The main events of the week between February 4 – February 10
The world of information security keeps getting more and more interesting by the minute. However, over the past week, there have been some events that stood out.First of all, we’ve heard a lot of things about vulnerabilities that affect routers. It all started in January when security firm DefenseCode identified a root access flaw in the Linksys WRT54GL router developed by Cisco.
Cisco admitted that the model was affected by the security hole, but they said other products were not susceptible to the attacks described by DefenseCode.
However, the security firm said other models might be affected. In addition, researchers have uncovered that several routers that use a certain UPnP Broadcom stack are impacted.
DefenseCode has published a partial list of the affected products.
In the meantime, security researcher Michael Messner has identified other vulnerabilities that affect D-Link, and Linksys routers.
Anonymous continues OpLastResort, the campaign initiated after the suicide of Reddit co-founder Aaron Swartz.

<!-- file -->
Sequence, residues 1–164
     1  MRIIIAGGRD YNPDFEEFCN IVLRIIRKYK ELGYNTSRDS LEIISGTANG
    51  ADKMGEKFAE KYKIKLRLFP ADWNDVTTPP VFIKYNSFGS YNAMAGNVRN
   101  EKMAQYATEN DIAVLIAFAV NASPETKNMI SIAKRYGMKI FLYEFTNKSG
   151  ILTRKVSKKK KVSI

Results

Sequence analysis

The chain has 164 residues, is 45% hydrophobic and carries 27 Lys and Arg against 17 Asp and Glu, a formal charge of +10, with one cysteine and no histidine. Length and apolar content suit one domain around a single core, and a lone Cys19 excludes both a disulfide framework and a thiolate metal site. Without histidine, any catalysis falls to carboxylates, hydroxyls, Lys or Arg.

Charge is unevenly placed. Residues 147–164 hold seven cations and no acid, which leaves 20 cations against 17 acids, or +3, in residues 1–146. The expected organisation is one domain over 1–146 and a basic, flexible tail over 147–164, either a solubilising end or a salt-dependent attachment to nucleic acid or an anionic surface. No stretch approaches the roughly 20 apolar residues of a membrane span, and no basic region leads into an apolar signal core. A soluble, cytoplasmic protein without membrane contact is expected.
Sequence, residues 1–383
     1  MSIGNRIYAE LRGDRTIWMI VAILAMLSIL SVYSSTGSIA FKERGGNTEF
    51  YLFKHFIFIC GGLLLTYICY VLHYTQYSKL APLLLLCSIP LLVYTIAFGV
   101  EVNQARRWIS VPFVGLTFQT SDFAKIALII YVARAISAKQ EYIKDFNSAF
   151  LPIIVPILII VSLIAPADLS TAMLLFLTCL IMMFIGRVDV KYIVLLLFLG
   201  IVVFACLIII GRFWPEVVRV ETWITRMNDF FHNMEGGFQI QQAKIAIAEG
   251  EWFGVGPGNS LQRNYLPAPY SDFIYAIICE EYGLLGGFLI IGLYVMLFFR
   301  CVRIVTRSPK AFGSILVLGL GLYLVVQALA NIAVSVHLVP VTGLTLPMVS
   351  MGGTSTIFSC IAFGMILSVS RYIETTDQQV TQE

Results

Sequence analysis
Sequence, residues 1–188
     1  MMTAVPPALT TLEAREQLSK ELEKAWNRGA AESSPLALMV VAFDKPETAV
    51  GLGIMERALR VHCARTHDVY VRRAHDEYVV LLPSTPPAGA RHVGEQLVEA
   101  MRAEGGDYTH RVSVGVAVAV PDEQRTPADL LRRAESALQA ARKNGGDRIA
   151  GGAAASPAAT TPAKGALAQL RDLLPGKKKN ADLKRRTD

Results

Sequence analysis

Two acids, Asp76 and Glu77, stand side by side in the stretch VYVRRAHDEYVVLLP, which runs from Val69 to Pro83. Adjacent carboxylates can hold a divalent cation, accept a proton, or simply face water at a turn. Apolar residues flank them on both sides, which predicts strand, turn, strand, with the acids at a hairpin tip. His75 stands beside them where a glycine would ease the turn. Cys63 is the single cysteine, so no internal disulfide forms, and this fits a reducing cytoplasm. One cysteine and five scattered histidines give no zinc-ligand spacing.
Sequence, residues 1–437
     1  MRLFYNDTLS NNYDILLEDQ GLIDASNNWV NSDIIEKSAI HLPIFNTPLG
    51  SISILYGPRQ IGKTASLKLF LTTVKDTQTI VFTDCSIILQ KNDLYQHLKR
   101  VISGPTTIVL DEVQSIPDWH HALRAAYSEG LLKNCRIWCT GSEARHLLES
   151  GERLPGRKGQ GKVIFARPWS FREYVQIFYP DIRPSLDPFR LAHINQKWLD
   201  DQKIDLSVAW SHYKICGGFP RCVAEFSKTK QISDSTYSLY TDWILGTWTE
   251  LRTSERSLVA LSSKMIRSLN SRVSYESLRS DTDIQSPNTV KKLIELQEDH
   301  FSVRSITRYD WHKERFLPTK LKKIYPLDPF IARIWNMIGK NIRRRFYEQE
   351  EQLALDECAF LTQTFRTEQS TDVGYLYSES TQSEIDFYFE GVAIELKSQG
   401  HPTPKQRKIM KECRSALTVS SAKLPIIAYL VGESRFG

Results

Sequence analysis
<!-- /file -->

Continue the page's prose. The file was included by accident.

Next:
After hacking the US Sentencing Commission and various other government websites, the hacktivists leaked the details of over 4,000 bank executives, which they stole from the Emergency Communication System (ECS) website of the US Federal Reserve.
Representatives of the Fed admitted that their systems were hacked and called in the FBI to investigate. However, they tried to downplay the incident by saying that Anonymous’ claims were overstated and by arguing that no critical operations had been impacted.
In response, the hackers have published a 9 MB file which contains the names of thousands of files and folders from the servers of the Fed, which they claim to have “owned.”
Another interesting hack from this week is the one as a result of which the private photos and emails of several members of the Bush family have been exposed. Other noteworthy breaches are the ones that have affected Bit9 and online advertiser NetSeer.
Here are some other interesting stories from this week, in case you’ve missed them:
144 people, many of which celebrities, win damages in News of the World phone hacking case
11-year-old children are capable of writing malware
Twitter and Facebook accounts of Sky News Arabia hacked by the Syrian Electronic Army
EU publishes cybersecurity strategy and a directive on network and information security
WSJ owner Rupert Murdoch says Chines hackers are still attacking the newspaper
US Department of Energy hacked
Microsoft and Symantec take down Bamital botnet
Researchers present Lucky 13 attack against TLS and DTLS protocols. SSL has once again been cracked